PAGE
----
Testing hit-compounds in a tissue assay serves as an excellent transitional screening system between cell-based assays and in vivo models. To this end, ex vivo uterine myometrial contractility assays are a well-established and ideal model for testing the therapeutic capacity to regulate tissue contractility. The results obtained from the uterine myometrial contractility assay showed that all 4 hit-compounds identified from our pilot screen were able to inhibit ex vivo uterine contractions. The IC50 values obtained from the contractility assay were not highly correlated with those obtained from the Ca2+-mobilization assay. We attribute this discrepancy to differences between the tissue strips used in our secondary screen compared to isolated single-cells used in our primary screen. Despite these differences, both screening approaches identified significant inhibitory effects on uterine contractility; their combined use provided additional strength for small molecule screening. Some of these compounds have previously been explored for their inhibitory potential on uterine contractility. Dipyridamole was examined with other phosphodiesterase inhibitors to determine whether they could potentiate 5-hydroxytryptamine inhibition of pig myometrial contractility [43]. Nisoldipine has been previously reported to inhibit spontaneous contractility of non-pregnant human myometrium, as well as OT-induced rat myometrial contractions [44]. The IC50 of nisoldipine reported in that study (6±0.09 μM) was less potent in non-pregnant human myometrial samples compared to what we report (range: 0.04–0.09 μM) for pregnant mouse myometrial samples. Finally, fenoterol has been investigated and shown clinically to inhibit uterine activity, by up to 30%, in women with OT-induced labor [45]. While fenoterol has been shown to be an effective agent for treatment of preterm labor, its use as a tocolytic in women was terminated due to maternal adverse effects [46].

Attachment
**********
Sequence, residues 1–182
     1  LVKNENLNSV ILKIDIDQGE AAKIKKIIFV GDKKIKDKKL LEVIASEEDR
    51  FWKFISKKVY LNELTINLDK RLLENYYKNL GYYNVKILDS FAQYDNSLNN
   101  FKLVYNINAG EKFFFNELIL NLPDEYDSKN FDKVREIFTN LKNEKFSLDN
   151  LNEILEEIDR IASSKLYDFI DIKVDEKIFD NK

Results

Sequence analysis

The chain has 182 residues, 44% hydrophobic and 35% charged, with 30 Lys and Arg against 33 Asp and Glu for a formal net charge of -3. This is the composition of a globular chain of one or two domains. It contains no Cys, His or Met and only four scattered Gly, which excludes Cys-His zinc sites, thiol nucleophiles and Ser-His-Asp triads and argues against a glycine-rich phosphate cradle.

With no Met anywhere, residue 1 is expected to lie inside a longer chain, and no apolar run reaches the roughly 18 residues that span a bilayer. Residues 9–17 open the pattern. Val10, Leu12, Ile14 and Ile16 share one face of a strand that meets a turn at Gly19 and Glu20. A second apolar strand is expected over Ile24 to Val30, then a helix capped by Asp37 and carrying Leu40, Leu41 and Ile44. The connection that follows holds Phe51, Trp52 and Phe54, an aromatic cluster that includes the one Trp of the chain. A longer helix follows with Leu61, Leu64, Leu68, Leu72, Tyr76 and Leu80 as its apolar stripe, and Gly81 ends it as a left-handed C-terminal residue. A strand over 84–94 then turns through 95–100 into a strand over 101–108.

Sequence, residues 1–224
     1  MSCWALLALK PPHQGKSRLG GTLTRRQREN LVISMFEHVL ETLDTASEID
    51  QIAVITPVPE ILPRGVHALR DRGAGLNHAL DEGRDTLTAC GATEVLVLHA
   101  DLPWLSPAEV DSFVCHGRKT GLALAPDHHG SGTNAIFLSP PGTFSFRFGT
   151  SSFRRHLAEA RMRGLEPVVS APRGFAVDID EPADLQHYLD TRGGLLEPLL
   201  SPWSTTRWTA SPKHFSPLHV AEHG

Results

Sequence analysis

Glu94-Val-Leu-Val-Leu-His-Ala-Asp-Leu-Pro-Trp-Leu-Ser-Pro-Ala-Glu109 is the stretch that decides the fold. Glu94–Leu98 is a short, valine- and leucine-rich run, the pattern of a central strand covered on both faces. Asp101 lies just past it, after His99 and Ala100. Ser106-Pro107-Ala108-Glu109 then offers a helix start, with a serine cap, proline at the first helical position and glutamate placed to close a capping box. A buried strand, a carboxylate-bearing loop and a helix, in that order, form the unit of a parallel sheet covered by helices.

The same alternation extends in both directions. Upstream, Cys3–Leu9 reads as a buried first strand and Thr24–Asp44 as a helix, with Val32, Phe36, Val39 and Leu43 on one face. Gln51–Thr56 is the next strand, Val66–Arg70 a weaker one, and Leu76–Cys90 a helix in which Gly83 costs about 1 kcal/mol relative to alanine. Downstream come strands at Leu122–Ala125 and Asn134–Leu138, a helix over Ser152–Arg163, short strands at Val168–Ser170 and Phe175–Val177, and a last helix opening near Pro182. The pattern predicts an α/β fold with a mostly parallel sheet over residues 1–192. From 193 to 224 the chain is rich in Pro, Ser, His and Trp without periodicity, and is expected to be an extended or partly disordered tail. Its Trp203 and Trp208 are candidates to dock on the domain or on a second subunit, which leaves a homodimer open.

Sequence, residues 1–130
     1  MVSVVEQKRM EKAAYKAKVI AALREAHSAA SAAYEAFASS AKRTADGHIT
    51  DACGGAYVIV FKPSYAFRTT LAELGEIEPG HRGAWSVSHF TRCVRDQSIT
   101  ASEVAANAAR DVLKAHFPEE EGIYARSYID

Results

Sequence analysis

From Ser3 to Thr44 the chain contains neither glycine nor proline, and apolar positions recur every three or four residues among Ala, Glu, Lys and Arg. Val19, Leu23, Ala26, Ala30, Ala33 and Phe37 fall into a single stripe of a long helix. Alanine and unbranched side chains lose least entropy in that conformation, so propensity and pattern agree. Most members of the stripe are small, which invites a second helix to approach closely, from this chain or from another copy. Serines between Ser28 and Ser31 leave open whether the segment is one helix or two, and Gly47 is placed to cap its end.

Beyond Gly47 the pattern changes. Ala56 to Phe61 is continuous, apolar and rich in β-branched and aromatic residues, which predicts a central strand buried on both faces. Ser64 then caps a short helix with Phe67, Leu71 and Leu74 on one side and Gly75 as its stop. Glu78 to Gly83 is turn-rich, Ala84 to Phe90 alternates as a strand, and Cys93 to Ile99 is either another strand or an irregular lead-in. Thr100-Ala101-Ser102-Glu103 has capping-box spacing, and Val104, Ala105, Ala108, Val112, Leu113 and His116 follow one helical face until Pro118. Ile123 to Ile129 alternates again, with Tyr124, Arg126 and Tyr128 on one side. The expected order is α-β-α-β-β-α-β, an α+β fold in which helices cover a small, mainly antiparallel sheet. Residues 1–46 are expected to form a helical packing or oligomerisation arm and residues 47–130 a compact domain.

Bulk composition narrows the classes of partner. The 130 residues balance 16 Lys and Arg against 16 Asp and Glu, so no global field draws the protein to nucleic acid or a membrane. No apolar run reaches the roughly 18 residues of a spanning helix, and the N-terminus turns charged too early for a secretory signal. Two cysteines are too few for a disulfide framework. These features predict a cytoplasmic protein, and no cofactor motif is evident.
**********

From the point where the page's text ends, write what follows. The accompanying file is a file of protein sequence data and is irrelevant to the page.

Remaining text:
Collectively, this study developed and validated a robust dual-addition assay for HTS to identify agonists and antagonists of Ca2+-mobilization in UT-myo cells. HTS was shown to be an effective tool for discovering small molecular compounds regulating uterine myometrial Ca2+-mobilization. Furthermore, inhibition of myometrial contractions by 4 compounds identified by our HTS suggests that small molecules have the potential to regulate uterine contractility. Together, these data highlight a promising role for large-scale HTS for identifying small molecule molecular modulators and molecular targets of myometrial Ca2+-mobilization, which have high therapeutic potential for women with preterm labor or postpartum hemorrhage/uterine atony.


We would like to thank Drs. Dehui Mi and Paige Vinson, and the Vanderbilt Institute of Chemical Biology High Throughput Screening Facility for their technical assistance and expertise used for the HTS assay development. The NIH Clinical Collections of compounds were provided through the National Institutes of Health Molecular Libraries Roadmap Initiative.

Author Contributions

Conceived and designed the experiments: JLH BCP JR. Performed the experiments: JLH DRS NB ELS HC. Analyzed the data: JLH. Contributed reagents/materials/analysis tools: JLH HC CHW CCH JR. Wrote the paper: JLH BCP JSD JR.